Salaam alaikum, 2011
I don't know about most...judging by what I saw of the camp, the majority were sticking to their usual early bedtimes. I simply went up to the roof of my work building around midnight, lit up a Swisher Sweet (classy, I know -- failed to plan ahead for a cuban or anything), popped open a nonalcoholic Beck's, and stood around freezing for a while with some sailors and airmen who work in the Public Affairs Office for the command. Unlike all of those scenes on CNN of every capital city bursting into a party at the stroke of midnight, Kabul was completely and utterly silent. Honestly, it was refreshing to have a year change over without one of those silly countdowns, which always amuse the hell out of me in a grotesque sort of way. Have you ever stood on the fringes of a party and simply watched as a roomful of people frantically count down to midnight? It's fascinating! But knowing that I could have been doing one of those silly countdowns as it's led by Phish, in Madison Square Garden, with my younger brother...well, that was harder to stomach. Still, this one will be memorable in its own way. That is, if the homecoming tour doesn't demolish my memory entirely.
So what's going on around here as the western calendar turns, you ask? In Kabul, it's politics, politics, and...did I say politics? Everything is political in nature here: the alliances, the business relationships, foreign policy, monetary policy, social policy, and on it goes. Within the bubble, it can be very difficult to gauge how things look to the commanders, foot soldiers, aid workers and others in the field...and as a few seasoned reporters have pointed out, it remains night and day: you get one story in the capital, you see another in the provinces. Now and then, a piece of journalism stands out, and I thought this one to be an astute and honest look at the challenges taken on by the overall commander (and by extension, all 150,000+ NATO/US/Coalition troops and civilians here)...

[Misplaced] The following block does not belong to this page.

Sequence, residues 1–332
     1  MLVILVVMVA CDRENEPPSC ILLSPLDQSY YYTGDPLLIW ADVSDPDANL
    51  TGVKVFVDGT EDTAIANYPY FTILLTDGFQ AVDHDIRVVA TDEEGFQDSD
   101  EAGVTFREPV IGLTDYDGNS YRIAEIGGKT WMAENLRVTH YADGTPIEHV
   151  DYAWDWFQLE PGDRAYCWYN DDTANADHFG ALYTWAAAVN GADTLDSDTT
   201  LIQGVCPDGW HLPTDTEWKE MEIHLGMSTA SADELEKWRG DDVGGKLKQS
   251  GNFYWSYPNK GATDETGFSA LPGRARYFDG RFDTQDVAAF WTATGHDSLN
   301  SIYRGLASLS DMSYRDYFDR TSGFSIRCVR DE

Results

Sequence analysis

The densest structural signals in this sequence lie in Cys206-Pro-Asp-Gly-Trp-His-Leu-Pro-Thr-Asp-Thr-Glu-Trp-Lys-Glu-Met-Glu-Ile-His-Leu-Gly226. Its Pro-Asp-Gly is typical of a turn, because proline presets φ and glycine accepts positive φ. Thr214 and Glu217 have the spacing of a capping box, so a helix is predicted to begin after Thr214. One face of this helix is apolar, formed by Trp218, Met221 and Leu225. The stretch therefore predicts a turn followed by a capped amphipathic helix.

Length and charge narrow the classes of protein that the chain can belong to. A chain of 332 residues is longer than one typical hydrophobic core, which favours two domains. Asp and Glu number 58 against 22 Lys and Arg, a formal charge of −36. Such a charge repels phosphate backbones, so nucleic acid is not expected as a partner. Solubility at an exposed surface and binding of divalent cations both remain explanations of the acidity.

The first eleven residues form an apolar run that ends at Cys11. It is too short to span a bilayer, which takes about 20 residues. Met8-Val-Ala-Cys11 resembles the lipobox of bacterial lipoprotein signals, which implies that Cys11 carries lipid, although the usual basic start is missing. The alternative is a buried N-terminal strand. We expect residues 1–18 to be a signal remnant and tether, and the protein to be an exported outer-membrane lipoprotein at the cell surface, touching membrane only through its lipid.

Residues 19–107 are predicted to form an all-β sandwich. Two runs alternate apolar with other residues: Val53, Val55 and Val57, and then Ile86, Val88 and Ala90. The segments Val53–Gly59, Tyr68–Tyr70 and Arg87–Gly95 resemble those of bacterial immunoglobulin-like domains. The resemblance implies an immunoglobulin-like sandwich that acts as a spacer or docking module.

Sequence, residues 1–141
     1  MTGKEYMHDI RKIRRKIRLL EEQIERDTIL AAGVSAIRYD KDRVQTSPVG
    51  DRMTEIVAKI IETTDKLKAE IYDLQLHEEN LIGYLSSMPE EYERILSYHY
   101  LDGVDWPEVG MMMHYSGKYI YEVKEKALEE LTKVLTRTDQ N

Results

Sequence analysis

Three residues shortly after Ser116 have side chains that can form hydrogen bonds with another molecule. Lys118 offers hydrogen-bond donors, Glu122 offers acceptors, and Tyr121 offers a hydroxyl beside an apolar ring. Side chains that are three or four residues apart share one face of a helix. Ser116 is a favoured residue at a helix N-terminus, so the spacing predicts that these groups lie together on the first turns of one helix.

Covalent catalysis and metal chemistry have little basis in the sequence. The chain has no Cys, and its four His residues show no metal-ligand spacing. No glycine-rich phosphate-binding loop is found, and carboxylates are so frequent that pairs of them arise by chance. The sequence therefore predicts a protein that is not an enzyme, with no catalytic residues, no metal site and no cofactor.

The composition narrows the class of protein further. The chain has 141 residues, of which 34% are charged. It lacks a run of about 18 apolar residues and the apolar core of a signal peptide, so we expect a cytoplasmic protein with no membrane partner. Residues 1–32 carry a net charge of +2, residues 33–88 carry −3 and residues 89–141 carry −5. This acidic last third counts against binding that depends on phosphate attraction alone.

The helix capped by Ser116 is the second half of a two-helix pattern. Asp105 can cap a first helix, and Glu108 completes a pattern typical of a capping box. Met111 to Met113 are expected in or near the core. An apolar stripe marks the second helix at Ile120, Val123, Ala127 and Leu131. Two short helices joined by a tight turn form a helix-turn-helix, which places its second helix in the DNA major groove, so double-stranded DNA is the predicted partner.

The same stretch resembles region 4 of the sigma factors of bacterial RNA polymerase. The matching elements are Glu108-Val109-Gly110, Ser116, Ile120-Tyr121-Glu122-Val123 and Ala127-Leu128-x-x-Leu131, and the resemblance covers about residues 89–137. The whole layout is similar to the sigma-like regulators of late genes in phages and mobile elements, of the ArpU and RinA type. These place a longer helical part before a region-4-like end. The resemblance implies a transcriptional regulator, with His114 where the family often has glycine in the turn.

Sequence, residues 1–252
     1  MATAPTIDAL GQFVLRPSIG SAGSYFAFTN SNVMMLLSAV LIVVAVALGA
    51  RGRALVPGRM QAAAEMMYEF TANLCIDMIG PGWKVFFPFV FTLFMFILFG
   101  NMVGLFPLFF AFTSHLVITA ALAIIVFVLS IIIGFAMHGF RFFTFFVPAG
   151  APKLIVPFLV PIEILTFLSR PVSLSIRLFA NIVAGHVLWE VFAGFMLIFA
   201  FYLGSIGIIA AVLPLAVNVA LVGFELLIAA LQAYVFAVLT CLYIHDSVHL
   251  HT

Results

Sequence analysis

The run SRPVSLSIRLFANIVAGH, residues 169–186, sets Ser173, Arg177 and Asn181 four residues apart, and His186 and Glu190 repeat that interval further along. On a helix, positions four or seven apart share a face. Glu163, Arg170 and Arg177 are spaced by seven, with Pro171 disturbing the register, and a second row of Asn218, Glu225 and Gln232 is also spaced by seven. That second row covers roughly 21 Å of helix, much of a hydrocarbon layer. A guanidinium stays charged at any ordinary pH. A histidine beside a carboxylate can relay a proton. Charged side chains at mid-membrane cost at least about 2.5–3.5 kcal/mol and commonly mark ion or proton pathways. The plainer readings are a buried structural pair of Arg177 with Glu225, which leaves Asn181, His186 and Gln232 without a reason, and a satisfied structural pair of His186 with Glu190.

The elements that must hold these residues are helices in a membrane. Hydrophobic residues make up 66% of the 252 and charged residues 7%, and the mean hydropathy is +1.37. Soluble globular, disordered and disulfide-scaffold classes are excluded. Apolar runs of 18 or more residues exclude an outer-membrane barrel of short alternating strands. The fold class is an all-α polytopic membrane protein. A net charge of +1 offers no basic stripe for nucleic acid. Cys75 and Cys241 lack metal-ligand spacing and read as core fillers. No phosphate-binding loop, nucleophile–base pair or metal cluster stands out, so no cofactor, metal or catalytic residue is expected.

Washington Post: Questions for Gen. Petraeus
You know, I rant plenty about the frustrations of duty in Kabul...while careful always (I hope) to caveat that with the admission that we do enjoy safety and security here, compared to troops in daily danger in some places around the country. But working under the big flagpole has its upside, which is particularly illustrated when you get to unexpectedly cross paths with some guests of the command you're happy to see around. (What's that, a teaser? Damn straight it is...) Consider especially how marginalized Marines are in the joint forces commands of this city, and everywhere in Afghanistan but for Helmand (aka "Marine-istan"), with very Army-heavy ranking officers, staffs and troops...then you might understand the lift from this surprise.
General Amos, the newly minted Marine Corps Commandant, came to town the other day after spending a whirlwind Christmas visiting every command and outpost in the Southwest of Afghanistan where he could find Marines...which is a lot. Read a bit about it here from a reporter who traveled with him:
(Kabul Shahan, one of many glitzy wedding halls)